||This article's lead section may not adequately summarize key points of its contents. (December 2014)|
Theatrical release poster
|Directed by||Spike Lee|
|Produced by||Martin Scorsese
|Screenplay by||Richard Price
by Richard Price
Pee Wee Love
|Music by||Terence Blanchard|
|Cinematography||Malik Hassan Sayeed|
|Edited by||Sam Pollard|
|Distributed by||Universal Pictures|
|September 13, 1995|
Clockers is a 1995 American crime drama film directed by Spike Lee. It is an adaptation of the eponymous 1992 novel by Richard Price, who also co-wrote the screenplay with Lee. The film stars Harvey Keitel, John Turturro, Delroy Lindo, and Mekhi Phifer in his debut film role. Set in New York City, Clockers tells the story of Strike (Phifer), a street-level drug dealer who becomes entangled in a murder investigation.
In a Brooklyn housing project, a group of "clockers" - street-level drug dealers - sell drugs for Rodney Little (Delroy Lindo), a local drug lord. Rodney tells Ronald "Strike" Dunham (Mekhi Phifer), one of his lead clockers, that another dealer, Darryl Adams (Steve White), is stealing from him and "got to be got", implying that he wants Strike to kill Darryl. Strike then meets with his brother, Victor Dunham (Isaiah Washington) and tries to persuade Victor to kill Darryl Adams.
Rocco Klein (Harvey Keitel) and Larry Mazilli (John Turturro), homicide detectives, ride to the scene of Darryl Adams' murder. Larry and Rocco receive a phone call from another detective who says a man has confessed at a local church that he killed Darryl. The police meet Strike's older brother Victor at the church and take him in for questioning. In the interrogation room, Victor tells Rocco that he shot Darryl Adams in self-defense. Rocco finds holes in this story and starts looking into Victor's background which includes two jobs, a wife, two children, no criminal record, and aspirations to move out of the projects; Rocco comes to the conclusion that Victor is covering for his younger brother.
Rocco pressures Strike but Victor sticks to his story, so Rocco convinces Rodney that Strike has confessed and informed on Rodney's drug ring. Rocco arrests Rodney and then implicates Strike in front of his crew. Strike gets together some money and decides to leave town, but a younger boy who admired Strike shoots Errol, Rodney's enforcer, with Strike's gun. Later the young boy is taken into custody and confesses that he got the gun from Strike. Rocco forces Strike leave town by threatening to arrest him if he's seen again and let Rodney get him and say he will make sure Rodney and Strike share a cell and a bed in prison
- Harvey Keitel — Det. Rocco Klein
- John Turturro — Det. Larry Mazilli
- Delroy Lindo — Rodney Little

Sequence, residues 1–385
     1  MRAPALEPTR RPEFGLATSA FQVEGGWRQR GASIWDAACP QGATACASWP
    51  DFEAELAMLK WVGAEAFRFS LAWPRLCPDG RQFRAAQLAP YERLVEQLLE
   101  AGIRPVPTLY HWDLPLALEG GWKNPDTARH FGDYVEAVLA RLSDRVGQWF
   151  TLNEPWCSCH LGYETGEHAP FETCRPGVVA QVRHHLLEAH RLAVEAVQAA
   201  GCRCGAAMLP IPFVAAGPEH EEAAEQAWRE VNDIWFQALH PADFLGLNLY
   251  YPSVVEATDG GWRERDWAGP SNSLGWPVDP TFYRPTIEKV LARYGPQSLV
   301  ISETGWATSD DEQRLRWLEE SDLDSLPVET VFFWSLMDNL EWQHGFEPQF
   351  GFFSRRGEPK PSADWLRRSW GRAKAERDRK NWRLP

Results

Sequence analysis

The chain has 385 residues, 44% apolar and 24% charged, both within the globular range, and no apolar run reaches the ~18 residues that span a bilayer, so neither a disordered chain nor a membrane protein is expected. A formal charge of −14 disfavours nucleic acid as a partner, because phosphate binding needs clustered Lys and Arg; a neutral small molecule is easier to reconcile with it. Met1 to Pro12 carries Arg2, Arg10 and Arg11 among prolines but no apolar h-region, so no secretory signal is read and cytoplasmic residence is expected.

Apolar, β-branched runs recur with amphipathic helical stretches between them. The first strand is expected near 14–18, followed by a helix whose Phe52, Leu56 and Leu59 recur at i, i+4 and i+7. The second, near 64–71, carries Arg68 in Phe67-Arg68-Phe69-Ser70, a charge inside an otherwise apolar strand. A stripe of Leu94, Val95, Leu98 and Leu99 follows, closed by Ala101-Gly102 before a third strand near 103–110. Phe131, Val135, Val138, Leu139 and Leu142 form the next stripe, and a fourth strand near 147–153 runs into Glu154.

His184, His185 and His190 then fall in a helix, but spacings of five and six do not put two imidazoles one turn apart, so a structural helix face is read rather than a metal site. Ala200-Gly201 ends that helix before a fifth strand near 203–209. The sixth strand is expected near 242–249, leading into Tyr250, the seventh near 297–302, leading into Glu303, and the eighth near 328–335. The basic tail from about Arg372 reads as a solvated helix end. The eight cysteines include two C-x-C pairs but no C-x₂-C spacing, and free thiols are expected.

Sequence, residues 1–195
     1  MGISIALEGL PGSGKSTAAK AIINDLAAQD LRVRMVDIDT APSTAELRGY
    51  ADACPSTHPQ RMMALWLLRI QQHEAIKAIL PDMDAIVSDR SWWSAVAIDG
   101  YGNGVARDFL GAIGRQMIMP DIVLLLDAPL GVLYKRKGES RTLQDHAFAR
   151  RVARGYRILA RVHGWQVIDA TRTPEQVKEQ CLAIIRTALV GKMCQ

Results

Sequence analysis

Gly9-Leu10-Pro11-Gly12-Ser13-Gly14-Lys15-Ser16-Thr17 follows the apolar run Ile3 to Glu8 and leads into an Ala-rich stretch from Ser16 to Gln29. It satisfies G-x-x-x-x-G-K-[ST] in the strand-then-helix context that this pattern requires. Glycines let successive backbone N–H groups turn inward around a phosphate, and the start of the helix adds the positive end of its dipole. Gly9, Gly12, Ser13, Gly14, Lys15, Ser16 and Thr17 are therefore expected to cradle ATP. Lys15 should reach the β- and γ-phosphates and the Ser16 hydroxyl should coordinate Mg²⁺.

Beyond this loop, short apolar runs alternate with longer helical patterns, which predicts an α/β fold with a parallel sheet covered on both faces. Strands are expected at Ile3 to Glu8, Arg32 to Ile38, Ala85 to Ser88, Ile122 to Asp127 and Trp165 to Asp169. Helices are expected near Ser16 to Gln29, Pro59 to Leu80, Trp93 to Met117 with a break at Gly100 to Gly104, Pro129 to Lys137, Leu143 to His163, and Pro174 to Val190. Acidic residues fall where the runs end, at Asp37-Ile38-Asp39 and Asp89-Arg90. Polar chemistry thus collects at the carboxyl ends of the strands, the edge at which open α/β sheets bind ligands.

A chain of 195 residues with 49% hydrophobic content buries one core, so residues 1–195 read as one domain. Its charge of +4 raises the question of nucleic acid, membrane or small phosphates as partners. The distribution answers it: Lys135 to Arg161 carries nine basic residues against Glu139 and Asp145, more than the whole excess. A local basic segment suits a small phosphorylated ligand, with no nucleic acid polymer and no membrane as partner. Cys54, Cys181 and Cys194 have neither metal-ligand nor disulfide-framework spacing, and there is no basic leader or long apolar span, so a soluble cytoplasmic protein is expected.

- Mekhi Phifer — Ronald 'Strike' Dunham
- Isaiah Washington — Victor Dunham
- Keith David — André the Giant
- Pee Wee Love — Tyrone 'Shorty' Jeeter
- Sticky Fingaz — Scientific
- Regina Taylor — Iris Jeeter
- Fredro — Go
- Elvis Nolasco — Horace
- Tom Byrd — Errol Barnes
- Lawrence B. Adisa — Stan
- Hassan Johnson — Skills
- Frances Foster — Gloria
- Michael Imperioli — Detective Jo-Jo
- Mike Starr — Thumper
- Lisa Arrindell Anderson — Sharon Dunham
- Paul Calderon — Jesus
- Brendan Kelly — Big Chief
- Graham Brown — Herman Brown
- Steve White — Darryl Adams
- Spike Lee — Chucky
- Harry Lennix — Bill Walker
- Michael Badalucco — Cop #1
- Ricky Aiello — Cop #2
Conception and adaptation
David Denby of New York magazine said that while the original novel was "filled with operational detail" the film adaptation was "more emotional" and "less factual". Denby further explained that Spike Lee, the film director, was "concerned less with Strike's spiritual condition than with the survival of the entire community."
Denby said that Lee, in the work, "jumps around a lot, telling his story in hot flashes" as typical in Spike Lee films, arguing that the technique makes the film "difficult to follow". In regard to the cinematography of Malik Sayeed, Denby said that it was "rough and dark-hued, with an almost tabloid angriness in the scenes of violence."
Critics and film buffs were quick to notice that the poster, designed by Art Sims, was similar to Saul Bass' art for Otto Preminger's 1959 film Anatomy of a Murder. Sims claimed that it was a homage, but Bass regarded it as a rip-off.
The movie had a poor opening at the box office.
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- Denby, David. "Hard Time." ("Movies" section) New York (magazine). September 18, 1995. New York Media, LLC. Vol. 28, No. 37. ISSN 0028-7369. p. 72-73.
- Denby, p. 73.
- Schaefer, Stephen (1995-09-08). "Poster Imposter | News". EW.com. Retrieved 2010-08-19.
- "Clockers". Chicago Sun-Times.
- "Clockers (1995)". Rotten Tomatoes. Retrieved 20 July 2012.
- Dutka, Elaine (1995-09-19). "Weekend Box Office : 3 New Films Open Quietly - Los Angeles Times". Articles.latimes.com. Retrieved 2012-07-23.